Project Report

Teleneurology service provided via tablet technology: 3-year outcomes and physician satisfaction


Kelly Harper1 BPS, Program Manager

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Megan McLeod2
BBA, Medical Student

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Summer K Brown3
BA, Masters student

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Georgia Wilson4
BA, Clinical Research Coordinator I *

Maxim Turchan5 BA, Health and Policy Services Analyist II

Emily M Gittings6 Student

Derek Riebau7 MD, Assistant Professor

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Mark Baker8
MD, Assistant Professor

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Eli Zimmerman9
MD, Assistant Professor

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David Charles10
MD, Professor and Vice-Chair of Neurology, Medical Director Vanderbilt TeleHealth


1, 5, 7, 8, 9, 10 Vanderbilt University Medical Center, Nashville, Tennessee, USA

2 University of Mississippi, Oxford, Mississippi, USA

3 Vanderbilt University, Nashville, Tennessee, USA

4 Department of Neurology, Vanderbilt University Medical Center, Nashville, Tennessee, USA

6 McGill University, Montreal, Canada

ACCEPTED: 20 November 2018

early abstract:

Purpose: To demonstrate that teleneurology consultations conducted via tablet technology are an efficient and cost-effective means of managing acute neurologic emergencies at community-based hospitals and that utilizing such technology yields high community physician satisfaction.

Methods: During a 39-month period, Vanderbilt University Medical Center (VUMC) provided teleneurology services to ten community-based hospitals that lacked adequate neurology coverage. Hospitalists at one community-based hospital were not comfortable treating any patient with a neurologic symptom, resulting in 100% of those patients being transferred. This facility now retains more than 60% of neurology patients. For under $1200, these hospitals were able to meet the only capital expenditure required to launch this service: the purchase of handheld tablet computers. Real-time teleneurology consultations were conducted via tablet using two-way video conferencing, radiologic image sharing, and medical record documentation. Community physicians were regularly surveyed to assess satisfaction.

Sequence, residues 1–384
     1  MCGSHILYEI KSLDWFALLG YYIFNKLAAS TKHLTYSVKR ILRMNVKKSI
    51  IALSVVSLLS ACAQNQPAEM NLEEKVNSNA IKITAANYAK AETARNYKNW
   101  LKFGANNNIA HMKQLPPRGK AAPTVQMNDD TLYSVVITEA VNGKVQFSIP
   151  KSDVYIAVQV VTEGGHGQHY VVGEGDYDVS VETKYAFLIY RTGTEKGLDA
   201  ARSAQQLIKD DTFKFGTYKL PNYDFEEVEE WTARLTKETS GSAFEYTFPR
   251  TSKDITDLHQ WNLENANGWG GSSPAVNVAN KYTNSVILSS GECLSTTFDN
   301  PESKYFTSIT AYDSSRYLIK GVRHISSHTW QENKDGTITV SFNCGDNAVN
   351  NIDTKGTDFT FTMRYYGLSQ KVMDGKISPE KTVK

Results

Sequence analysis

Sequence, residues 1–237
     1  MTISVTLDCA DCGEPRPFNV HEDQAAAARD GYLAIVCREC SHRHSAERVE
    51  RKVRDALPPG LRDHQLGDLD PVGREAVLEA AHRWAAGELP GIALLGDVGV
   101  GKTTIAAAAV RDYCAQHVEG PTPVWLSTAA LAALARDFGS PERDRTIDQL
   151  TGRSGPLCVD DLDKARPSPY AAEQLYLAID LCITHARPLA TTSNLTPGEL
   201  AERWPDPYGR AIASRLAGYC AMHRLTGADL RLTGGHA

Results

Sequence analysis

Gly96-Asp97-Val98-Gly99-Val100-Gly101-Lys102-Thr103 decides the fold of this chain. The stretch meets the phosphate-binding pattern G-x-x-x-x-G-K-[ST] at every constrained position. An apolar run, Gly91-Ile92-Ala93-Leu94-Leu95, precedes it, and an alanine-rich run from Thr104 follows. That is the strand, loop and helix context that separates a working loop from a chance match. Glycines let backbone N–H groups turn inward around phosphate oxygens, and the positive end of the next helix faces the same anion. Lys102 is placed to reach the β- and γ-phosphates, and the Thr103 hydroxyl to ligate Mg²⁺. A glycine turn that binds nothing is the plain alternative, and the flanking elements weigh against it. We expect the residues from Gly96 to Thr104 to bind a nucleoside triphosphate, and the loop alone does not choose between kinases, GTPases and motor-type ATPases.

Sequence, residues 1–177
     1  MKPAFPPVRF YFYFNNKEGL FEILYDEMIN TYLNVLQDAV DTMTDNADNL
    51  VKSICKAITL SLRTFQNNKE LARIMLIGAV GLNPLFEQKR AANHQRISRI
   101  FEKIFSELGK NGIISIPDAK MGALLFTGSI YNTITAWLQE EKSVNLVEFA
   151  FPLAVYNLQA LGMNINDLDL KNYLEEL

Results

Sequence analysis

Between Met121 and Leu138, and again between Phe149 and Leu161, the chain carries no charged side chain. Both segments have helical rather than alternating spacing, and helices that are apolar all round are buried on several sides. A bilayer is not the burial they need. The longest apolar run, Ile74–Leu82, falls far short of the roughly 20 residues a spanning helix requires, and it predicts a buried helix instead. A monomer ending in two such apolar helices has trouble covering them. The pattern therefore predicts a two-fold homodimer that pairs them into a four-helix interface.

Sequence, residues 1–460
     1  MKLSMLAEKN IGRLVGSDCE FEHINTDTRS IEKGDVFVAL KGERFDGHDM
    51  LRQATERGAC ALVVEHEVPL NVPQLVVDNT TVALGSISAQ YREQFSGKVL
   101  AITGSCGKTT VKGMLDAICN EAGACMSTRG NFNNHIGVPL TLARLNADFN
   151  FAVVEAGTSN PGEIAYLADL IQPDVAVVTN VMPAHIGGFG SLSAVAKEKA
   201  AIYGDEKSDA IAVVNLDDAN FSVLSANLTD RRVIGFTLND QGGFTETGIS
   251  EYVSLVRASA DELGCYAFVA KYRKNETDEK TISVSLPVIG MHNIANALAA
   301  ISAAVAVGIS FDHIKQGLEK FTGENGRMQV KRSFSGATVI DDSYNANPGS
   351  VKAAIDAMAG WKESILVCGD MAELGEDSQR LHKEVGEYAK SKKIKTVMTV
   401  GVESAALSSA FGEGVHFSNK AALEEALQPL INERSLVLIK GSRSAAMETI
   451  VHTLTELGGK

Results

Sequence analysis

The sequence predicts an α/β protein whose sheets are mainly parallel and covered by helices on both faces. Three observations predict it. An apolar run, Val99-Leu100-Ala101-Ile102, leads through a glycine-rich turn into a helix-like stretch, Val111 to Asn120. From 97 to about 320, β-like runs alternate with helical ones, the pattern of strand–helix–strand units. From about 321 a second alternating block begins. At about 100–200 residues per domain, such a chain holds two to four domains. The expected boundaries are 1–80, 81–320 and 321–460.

Results: From February 2014 to May 2017, 3,626 teleneurology consultations were conducted. Community physicians, in partnership with neurologists, successfully managed 87% of patients at the community-based hospital. Only 13% of patients required transfer to another facility for a higher level of care. The most common diagnoses included stroke (34%), seizure (11%), and headache/migraine (6%). The average time for the neurologist to answer a request for consultation page and connect with the community physician was 10.6 minutes. Ninety-one percent of community physicians were satisfied or somewhat satisfied with the overall service.

Conclusions: In the assessment of neurology patients, tablets are a more cost-effective alternative to traditional telehealth technologies. The devices promote efficiency in consultations through ease of use and low transfer rates, and survey results indicate community physician satisfaction.